“I never heard of such a thing in connection with you. Isn’t it enough for you to meditate in four dimensions when you’re not at work? That would satisfy most people.”

“It’s all very well in Thibet,” it grumbled; “but a fellow doesn’t come to Oxford to do that.”

“One would think you had nothing to do with me. You seem to forget that you are simply a projection of mine.”

We had some high words and parted—I mean, united—in very bad temper with one another. It was in the middle of a most impertinent and positively threatening speech, when I terminated the interview by resuming it. It was very unreasonable and irritating, and I made up my mind to ask the rajah to speak to it the next morning. I had an engagement that evening, or I would have done it then. How I wish I had!

At half-past nine I went to an “At Home” at Professor Drayton’s. As a rule, “At Homes” are dull; but I had a reason for going to this one. The professor had a very pretty daughter, and I was vain enough to think that my presence was welcome to her. In fact, we were great friends, and I had not been at the house a quarter of an hour before I had forgotten all my worries with my unruly Astral Body, and was sitting by Bessie in the small drawing room, enjoying myself immensely. Suddenly—mysteriously—I felt something like a violent push. Bessie vanished; the drawing room vanished; and I found myself in the High, standing in dripping rain, without a hat or coat. I stood still in bewilderment. What had happened? A moment later the proctor was upon me. I gave my name and college in a mechanical way, and he passed on, leaving me still standing in the rain. What had happened? Then it flashed across my mind. I understood its threats. It had projected me!

I woke up next morning, determined to have it out with it. I found, as I expected, that it had waited till I was asleep; then it slunk in and united without my knowing it. I went and paid my fine, and then, not waiting to breakfast, I proceeded to project it. It wouldn’t move! I tried again and again. I had no more power over it than a child. I knew it was there; but I could not move it an inch. In wrath, I jumped up, seized my cap, and started for the rajah’s rooms. The rogue saw what I was up to. I give you my word, I had not reached the door when it projected me most viciously, and I landed down in the Parks.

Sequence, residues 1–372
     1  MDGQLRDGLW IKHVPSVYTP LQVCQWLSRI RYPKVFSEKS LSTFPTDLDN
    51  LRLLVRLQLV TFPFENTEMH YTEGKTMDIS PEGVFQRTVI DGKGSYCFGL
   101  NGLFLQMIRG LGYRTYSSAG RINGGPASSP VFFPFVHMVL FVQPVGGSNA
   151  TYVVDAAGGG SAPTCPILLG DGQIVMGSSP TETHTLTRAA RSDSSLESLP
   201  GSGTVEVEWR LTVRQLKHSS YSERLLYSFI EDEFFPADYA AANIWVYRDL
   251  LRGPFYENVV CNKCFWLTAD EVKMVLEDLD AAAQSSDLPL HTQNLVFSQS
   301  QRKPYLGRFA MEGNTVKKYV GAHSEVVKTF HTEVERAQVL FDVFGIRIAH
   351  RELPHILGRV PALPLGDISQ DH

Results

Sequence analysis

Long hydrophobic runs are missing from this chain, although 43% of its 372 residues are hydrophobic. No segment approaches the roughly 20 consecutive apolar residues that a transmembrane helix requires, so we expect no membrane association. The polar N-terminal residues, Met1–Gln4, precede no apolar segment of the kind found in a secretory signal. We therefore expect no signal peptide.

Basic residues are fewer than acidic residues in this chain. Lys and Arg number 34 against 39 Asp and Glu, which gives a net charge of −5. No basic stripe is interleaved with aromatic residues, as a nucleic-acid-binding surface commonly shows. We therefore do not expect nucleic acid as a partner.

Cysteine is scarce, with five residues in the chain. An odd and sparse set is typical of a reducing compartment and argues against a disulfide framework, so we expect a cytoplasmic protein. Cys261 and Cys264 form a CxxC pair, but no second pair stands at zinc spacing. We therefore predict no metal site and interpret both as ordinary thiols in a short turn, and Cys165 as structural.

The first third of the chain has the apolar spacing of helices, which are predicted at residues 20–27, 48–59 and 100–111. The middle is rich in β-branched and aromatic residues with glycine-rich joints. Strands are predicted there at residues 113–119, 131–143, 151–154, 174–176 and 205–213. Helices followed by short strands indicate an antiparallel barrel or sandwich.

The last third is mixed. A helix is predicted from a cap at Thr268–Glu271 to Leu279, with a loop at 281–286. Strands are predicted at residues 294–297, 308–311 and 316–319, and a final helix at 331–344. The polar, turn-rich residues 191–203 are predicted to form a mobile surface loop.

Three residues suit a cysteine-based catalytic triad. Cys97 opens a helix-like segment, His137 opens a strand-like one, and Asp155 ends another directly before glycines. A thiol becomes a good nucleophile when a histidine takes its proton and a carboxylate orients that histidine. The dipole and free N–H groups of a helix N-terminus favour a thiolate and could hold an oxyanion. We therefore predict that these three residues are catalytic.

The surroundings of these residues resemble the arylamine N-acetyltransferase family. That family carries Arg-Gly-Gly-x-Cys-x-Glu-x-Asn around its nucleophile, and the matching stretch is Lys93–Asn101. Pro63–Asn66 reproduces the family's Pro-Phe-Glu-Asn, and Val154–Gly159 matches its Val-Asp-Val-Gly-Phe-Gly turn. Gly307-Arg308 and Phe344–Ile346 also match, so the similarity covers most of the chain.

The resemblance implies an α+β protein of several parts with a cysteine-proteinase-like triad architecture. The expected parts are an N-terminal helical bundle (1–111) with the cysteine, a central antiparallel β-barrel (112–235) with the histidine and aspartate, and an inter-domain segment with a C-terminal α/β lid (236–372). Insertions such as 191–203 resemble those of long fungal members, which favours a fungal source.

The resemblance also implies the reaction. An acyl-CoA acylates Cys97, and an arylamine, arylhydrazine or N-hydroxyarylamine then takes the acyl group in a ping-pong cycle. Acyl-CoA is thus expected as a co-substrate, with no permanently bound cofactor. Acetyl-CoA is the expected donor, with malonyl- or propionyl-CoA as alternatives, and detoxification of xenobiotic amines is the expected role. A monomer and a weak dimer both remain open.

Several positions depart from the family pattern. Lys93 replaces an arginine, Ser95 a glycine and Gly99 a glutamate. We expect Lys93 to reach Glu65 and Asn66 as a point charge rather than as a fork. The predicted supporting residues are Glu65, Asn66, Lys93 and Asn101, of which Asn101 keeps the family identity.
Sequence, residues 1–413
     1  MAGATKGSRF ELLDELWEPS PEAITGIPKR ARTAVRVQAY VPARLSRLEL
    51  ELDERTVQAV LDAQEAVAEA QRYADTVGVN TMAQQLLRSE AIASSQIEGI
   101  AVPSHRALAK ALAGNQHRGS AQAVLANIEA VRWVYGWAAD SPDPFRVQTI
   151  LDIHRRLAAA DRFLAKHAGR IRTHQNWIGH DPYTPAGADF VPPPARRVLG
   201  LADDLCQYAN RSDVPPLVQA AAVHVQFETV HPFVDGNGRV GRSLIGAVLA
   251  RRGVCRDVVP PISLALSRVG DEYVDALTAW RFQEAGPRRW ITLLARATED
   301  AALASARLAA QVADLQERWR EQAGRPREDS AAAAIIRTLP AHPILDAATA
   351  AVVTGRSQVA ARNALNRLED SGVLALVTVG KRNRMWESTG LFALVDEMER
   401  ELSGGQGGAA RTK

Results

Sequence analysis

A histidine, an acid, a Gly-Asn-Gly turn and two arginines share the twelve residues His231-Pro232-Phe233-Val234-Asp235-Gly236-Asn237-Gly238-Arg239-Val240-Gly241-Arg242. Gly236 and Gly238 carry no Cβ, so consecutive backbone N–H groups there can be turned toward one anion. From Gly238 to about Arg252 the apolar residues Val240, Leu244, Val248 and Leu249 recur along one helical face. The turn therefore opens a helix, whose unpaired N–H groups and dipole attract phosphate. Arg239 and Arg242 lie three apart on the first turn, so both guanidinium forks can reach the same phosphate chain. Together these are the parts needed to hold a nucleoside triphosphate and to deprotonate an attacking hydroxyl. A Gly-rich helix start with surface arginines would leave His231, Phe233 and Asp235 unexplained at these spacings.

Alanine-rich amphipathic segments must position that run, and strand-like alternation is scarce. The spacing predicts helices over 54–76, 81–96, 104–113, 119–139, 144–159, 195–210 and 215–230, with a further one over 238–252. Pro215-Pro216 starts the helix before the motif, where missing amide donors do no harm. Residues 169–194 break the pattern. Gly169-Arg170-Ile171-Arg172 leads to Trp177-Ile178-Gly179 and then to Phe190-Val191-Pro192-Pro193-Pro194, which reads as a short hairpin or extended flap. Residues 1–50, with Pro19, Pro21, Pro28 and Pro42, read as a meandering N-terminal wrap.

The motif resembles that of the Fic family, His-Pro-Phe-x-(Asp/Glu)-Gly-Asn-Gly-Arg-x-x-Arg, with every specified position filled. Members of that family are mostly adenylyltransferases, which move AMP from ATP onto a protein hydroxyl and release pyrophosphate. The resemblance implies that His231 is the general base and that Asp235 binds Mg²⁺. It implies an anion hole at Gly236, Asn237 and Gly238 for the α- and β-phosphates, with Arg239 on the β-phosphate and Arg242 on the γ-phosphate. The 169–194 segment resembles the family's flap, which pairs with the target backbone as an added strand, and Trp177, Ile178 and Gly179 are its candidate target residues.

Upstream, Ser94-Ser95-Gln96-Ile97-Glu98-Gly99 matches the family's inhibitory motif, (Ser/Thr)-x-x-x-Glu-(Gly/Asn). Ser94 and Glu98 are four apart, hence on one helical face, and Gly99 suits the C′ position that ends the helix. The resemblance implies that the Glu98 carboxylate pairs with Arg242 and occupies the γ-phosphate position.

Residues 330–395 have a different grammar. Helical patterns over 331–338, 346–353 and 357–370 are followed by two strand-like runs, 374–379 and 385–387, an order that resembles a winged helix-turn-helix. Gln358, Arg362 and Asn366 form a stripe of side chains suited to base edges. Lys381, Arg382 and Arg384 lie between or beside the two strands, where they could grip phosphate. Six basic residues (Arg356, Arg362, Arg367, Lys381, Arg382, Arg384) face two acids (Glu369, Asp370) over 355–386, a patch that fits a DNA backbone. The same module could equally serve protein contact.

I was not to be beaten. I came back to college at a run, and made straight for the rajah’s rooms. It was on the lookout for me. As I ran by my oak, which I had to pass, it rushed out on me, united, and projected me back again to Magdalen Bridge. This happened three times. Then I sat down in the Parks, just where I dropped, and acknowledged to myself that I was in a pretty fix.

I had a fearful week of it. Of course, wherever I was, it could unite at once by just thinking of me; and, directly it had united, it used, I believe out of pure malice, to project me somewhere where I did not want to go. It was lucky for me that it was new to the business; its powers were as yet very undeveloped, and, consequently, it did not carry very far. If it could, I am sure it would have sent me to the Antipodes; but as it was, I never went further than the University boat-house—a pretty tidy step on a bad morning. Still, it was improving; and I felt that I must act at once if I did not want to be a permanent wanderer on the face of the earth.

My only chance was to engross its attention in some way, so that it would forget me for a little while, and leave me free to speak to the rajah. I pinned all my hopes on the rajah. Well, one morning, about a week after it first projected me, I went for a walk in Christchurch Meadow. We were united, and it had actually left me in peace ever since breakfast. I hoped its better feelings were beginning to get the mastery of it, and, in order to see, I tried to project it. No, it wouldn’t move! The creature was still recalcitrant.

Suddenly I saw Bessie Drayton just in front of me. In delight at seeing her, I forgot about it, and, quickening my pace, overtook her, and lifted my hat. She smiled divinely, saying, “Why, Mr. Nares, I just going to write——” At that moment, when I was listening to her sweet voice, it projected me! Could ill-nature go further? But, luckily, its mind was not really concentrated on what it was doing. I believe it was thinking of Bessie, and consequently it only carried about a hundred yards. I landed behind one of the big elms, where I lay perdu till it had gone by. It and Bessie passed me together, and it was grinning from ear to ear, and looked as pleased as Punch. And poor Bessie, who thought she was talking to me, was being most charming to it.